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Undergraduates' Signature Program Mirrors AKA's Economic Mission

Nationwide ( - Alpha Kappa Alpha Sorority has unveiled a model program at colleges and universities nationwide where technological skills will be taught free of charge to residents in communities adjacent to the schools. The ambitious program is part of AKA's resolve to give African Americans high-end skill sets so they will be more competitive in the workplace and can improve their economic standing. This initiative also parallels the economic vision of International President Barbara A. McKinzie whose programmatic theme, ESP, represents Economics Service and Partnerships.

Alpha Kappa Alpha will work with higher education institutions and other student groups to develop an exemplary model undergraduate access and training program that serves the community and becomes part of the central activities of the institution.

It will be administered by undergraduates at each college/university that has an undergraduate chapter of Alpha Kappa Alpha Sorority. It is part of the sorority's International Program and is titled, "Undergraduate Signature Program: Economic Educational Advancement through Technology." The program incorporates traditional and non-traditional approaches with technology as its cornerstone.

The official announcement was made on April 21 at North Carolina A&T, one of the eleven beta sites for the initiative. These sites, which will be in operation from 2007-2010, will be housed on the following campuses, which include four Historically Black College and Universities.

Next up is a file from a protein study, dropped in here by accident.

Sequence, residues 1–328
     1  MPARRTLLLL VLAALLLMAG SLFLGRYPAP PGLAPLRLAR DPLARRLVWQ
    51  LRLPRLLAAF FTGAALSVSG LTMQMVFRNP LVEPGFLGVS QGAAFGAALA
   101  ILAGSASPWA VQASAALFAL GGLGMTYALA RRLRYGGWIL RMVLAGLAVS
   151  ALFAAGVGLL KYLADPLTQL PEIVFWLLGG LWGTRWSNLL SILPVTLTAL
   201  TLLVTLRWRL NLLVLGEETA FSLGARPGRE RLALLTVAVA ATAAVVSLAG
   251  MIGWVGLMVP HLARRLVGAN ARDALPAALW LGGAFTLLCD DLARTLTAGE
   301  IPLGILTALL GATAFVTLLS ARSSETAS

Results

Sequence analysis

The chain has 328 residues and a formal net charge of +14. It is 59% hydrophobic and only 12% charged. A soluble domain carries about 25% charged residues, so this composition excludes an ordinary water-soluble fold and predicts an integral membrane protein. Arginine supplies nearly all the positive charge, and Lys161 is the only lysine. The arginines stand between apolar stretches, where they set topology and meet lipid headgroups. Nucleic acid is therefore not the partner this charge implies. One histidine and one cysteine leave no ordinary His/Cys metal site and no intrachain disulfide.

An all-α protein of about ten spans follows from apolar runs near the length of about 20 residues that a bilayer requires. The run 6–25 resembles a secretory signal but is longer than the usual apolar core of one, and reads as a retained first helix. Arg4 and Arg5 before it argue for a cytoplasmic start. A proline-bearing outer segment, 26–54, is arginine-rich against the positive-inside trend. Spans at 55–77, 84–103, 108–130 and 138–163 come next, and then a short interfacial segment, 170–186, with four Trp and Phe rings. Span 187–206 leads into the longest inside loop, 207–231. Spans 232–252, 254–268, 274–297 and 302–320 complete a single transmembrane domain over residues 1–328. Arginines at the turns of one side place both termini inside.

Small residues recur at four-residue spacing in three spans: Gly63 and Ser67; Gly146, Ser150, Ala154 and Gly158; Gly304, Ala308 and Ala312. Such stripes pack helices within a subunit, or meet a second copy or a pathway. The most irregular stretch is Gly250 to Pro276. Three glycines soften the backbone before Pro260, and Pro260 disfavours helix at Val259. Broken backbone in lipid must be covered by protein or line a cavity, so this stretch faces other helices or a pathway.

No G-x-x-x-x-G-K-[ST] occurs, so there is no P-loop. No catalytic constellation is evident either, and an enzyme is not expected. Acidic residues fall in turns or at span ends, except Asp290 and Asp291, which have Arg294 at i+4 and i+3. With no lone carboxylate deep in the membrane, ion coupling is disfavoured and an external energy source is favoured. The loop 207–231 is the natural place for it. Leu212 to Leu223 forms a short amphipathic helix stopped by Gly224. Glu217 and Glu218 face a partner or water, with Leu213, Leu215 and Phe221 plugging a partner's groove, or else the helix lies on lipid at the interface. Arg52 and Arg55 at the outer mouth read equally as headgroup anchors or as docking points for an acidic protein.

Langston University
University of Toledo
North Carolina A & T University (HBCU)
Florida A & M University (HBCU)
Jackson State University (HBCU)
Northwestern University
Texas Southern University (HBCU)
Vanderbilt University
Brown University
Stanford University
University of the Virgin Islands

Attending the official ceremony marking the launch of the program was International President McKinzie and Second Vice President Ranika Sanchez, who heads Alpha Kappa Alpha's undergraduates internationally. She attends Loyola University in New Orleans, Louisiana.

Also attending the rollout of this initiative were International Program Chairman Loann Honesty King; Ruby Bates Archie, Mid-Atlantic Regional Director whose territory embraces North Carolina A&T; and Dr. Lloyd "Vic" Hackley, chancellor of North Carolina A&T.

According to McKinzie, the goal is to instill the value and importance of volunteering to assist in worthwhile causes in young adults; fill an important need in underprivileged and/or underserved communities; and increase cooperation, communication, and collaboration between undergraduates, universities, businesses and surrounding communities. The overarching resolve is to enhance participants' skills and position them to obtain better paying jobs, generate more per capita earnings and imbue them with marketable skills so they can navigate their way in a high-tech world.